Please see this comment.

Comment by owen_richardson on What Direct Instruction is · 2011-09-08T00:25:34.201Z · LW · GW

Yes, this post is just an introduction to the very basics of DI (technically to just the very basics of one half of it, the 'stimulus-locus analysis').

Theory of Instruction goes into detail on those fundamental principles and how they apply to teaching the most basic concepts. It then shows how the basic concepts can be built up into more complex ones, and therefore how more complex ones can be analyzed to reduce them into parts for teaching.

Once you understand the details, you'll probably just say, "Oh, right, reductionism. Of course that also applies here."

Comment by owen_richardson on Another treatment of Direct Instruction getting more into the technical details of the theory · 2011-09-07T04:25:11.931Z · LW · GW

Considering that you didn't even try to see if I was making a bluff by offering to bet me one cent against my $2000...

S=probability of scientology involvement





Again, assuming I didn't make any embarrassingly simple math errors, that's an over 99.9995% confidence that the 'scientology-related' hypothesis was wrong.

Not that this is factoring in the hassle for both of us of setting up the judging and so on, but still, right? :P

Comment by owen_richardson on What Direct Instruction is · 2011-09-07T04:05:00.751Z · LW · GW

Oh no, I know DAMN well I could've done WAY better if I'd been less stupid in the first place! Although if I had to communicate with my past self, I think the best thing I could have told him would be just to put a note at the beginning of the original post saying explicitly that it was a draft with many, many problems, but that I was pretty damn sure DI was a super-important topic to bring to the attention of LW, so if anyone would be so super-cool nice as to give me some feedback on how to make it more presentable...

There's no way I could communicate the things I've learned so far to him more effectively than his resulting experience would teach him.

Uh, does this seem like an interesting idea?

Comment by owen_richardson on What Direct Instruction is · 2011-09-07T03:43:30.747Z · LW · GW

Most excellent Gwern!

I have a proposition!

So, I've begun writing a new post, “A dry presentation of some empirical evidence on DI's effectiveness”. (An attempt to replace that intended function of my original post with as high-quality a replacement as Misha's post was for the intended function of the 'theory sketch' section.)

KPier very kindly offered to help me with editing, so I sent her the first seven-ish paragraphs I had written. She found one change to recommend, somewhat ambivalent herself over which way was best. I wasn't sure either, and found myself wondering what I'd decide in the end.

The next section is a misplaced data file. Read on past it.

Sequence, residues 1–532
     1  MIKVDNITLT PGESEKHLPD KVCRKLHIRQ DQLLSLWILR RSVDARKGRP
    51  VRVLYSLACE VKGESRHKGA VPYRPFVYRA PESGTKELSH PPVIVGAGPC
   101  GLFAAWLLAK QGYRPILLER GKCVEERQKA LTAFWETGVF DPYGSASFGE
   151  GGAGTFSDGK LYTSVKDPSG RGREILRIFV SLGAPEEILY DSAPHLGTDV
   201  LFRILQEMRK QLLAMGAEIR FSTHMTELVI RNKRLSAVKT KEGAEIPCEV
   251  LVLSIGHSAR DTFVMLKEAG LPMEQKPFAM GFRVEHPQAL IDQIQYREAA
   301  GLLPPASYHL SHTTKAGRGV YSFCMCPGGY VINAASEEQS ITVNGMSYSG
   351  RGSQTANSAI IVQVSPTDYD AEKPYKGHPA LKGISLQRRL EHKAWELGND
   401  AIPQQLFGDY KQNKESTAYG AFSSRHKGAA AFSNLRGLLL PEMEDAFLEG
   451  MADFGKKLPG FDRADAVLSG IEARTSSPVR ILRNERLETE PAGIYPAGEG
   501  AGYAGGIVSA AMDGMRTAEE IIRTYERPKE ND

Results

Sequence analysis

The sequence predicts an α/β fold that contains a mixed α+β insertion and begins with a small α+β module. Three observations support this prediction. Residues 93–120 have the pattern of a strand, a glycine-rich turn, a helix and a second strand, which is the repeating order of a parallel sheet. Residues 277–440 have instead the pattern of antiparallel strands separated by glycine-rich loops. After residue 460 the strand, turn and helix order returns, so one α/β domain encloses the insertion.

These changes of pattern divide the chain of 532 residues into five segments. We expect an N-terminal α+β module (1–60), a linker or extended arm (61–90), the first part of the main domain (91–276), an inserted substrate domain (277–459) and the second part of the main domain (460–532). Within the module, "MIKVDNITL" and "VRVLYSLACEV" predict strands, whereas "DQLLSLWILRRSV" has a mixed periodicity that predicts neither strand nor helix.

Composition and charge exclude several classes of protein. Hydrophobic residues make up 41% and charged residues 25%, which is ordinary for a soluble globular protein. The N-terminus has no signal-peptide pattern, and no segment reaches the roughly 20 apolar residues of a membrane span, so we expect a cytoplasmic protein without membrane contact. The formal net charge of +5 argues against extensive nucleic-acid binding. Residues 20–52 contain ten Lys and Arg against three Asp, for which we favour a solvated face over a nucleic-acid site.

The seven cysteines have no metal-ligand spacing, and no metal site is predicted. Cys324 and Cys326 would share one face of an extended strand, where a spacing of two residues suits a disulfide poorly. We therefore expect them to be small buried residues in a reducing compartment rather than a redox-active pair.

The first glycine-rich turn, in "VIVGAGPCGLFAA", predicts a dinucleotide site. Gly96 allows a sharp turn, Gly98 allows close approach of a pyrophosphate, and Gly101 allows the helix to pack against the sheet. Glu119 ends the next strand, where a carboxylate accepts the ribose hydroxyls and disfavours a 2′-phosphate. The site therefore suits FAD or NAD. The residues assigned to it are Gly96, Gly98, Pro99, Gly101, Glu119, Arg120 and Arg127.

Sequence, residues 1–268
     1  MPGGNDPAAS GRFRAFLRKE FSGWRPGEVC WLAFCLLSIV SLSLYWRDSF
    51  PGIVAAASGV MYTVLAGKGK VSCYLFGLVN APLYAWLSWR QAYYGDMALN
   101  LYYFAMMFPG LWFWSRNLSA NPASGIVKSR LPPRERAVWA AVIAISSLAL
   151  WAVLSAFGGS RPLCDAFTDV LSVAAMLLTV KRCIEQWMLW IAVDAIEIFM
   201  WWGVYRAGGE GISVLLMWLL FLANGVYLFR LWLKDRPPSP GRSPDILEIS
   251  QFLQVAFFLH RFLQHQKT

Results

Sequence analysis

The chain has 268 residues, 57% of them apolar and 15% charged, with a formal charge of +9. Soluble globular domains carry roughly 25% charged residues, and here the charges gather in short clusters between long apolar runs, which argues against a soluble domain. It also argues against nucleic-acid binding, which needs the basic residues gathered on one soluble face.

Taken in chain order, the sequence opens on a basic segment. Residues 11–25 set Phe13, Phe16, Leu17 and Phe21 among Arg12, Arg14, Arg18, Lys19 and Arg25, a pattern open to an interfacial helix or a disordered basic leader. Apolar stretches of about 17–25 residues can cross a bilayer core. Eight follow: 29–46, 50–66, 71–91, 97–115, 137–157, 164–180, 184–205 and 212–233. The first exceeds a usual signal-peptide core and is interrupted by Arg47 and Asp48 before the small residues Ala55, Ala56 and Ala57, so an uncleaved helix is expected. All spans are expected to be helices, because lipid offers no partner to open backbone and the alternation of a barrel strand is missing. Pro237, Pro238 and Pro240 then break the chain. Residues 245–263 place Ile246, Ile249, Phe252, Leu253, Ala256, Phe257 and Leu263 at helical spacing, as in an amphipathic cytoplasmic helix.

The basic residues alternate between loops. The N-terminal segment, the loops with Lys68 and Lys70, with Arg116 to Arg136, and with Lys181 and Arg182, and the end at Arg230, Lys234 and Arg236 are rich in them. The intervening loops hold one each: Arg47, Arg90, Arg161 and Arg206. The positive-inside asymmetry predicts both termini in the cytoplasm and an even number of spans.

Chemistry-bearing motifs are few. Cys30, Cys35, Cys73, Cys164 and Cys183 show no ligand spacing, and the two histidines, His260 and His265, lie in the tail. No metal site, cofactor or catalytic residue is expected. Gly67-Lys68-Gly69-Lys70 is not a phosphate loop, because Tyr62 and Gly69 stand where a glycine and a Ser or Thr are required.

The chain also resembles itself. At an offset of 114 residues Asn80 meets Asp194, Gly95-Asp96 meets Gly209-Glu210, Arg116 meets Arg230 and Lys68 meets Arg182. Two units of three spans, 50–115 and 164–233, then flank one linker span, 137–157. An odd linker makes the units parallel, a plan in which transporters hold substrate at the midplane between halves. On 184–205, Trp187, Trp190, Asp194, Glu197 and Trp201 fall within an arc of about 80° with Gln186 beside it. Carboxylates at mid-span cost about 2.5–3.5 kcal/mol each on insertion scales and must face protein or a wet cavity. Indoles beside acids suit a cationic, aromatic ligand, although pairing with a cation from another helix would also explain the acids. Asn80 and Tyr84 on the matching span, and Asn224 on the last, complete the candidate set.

Then I started wondering about what differences in responses there might be between a post where she made all the final decisions, and a post where where I did.

And then I thought... double-blind experiment! (Woot woot, raise the empirical roof. :P)

Here's my idea:

I finish writing the post, get the 'her final' and 'my final' versions, and then make a post linking to both versions and explaining the experiment.

I'll just label them version A and version B (flip a coin to avoid any weird bias I may have on As and Bs, not that I'd anticipate much), and ask the reader to follow one or the other (by flipping a coin to avoid any weird bias they may have; Mostly just to make sure the sample sizes for each version are equalized.)

Then people record their impression and give me their feedback (without directly quoting the text), and I have to try and discriminate which readers got which.

Does that sound like a neat idea? If it works well, it seems like it might even end up being worth creating an automated system for setting up and running such experiments (without all the coin flipping and link following), for people to use with appropriate posts.

Comment by owen_richardson on What Direct Instruction is · 2011-09-06T22:57:09.208Z · LW · GW

Some other thoughts: perhaps you could give me some examples of specific teaching goals you have, and specific problems you often encounter?

Honestly, I suspect most of the problems high-school students have are due to lack of mastery of the basics. That they are weak enough on such things as adding/subtracting/multiplying/dividing fractions and working with exponents that they are likely to make mistakes on those even if they aren't having their cognitive resources split between trying to track that shaky foundation and learn the details of the new thing you're presenting to them.

If we could develop some systematic diagnoses, corrections, and practice materials (practice to mastery!) for just fractions and exponents, I think we might be able to hugely improve any tutoring you [or anyone else!] attempt.

ETA: If the lowest hanging fruit in improving your own skills is to "stop doing stupid shit", then it follows that the lowest hanging fruit in improving your teaching is to figure out how to get your students to "stop doing stupid shit". :P

Comment by owen_richardson on What Direct Instruction is · 2011-09-06T22:45:19.344Z · LW · GW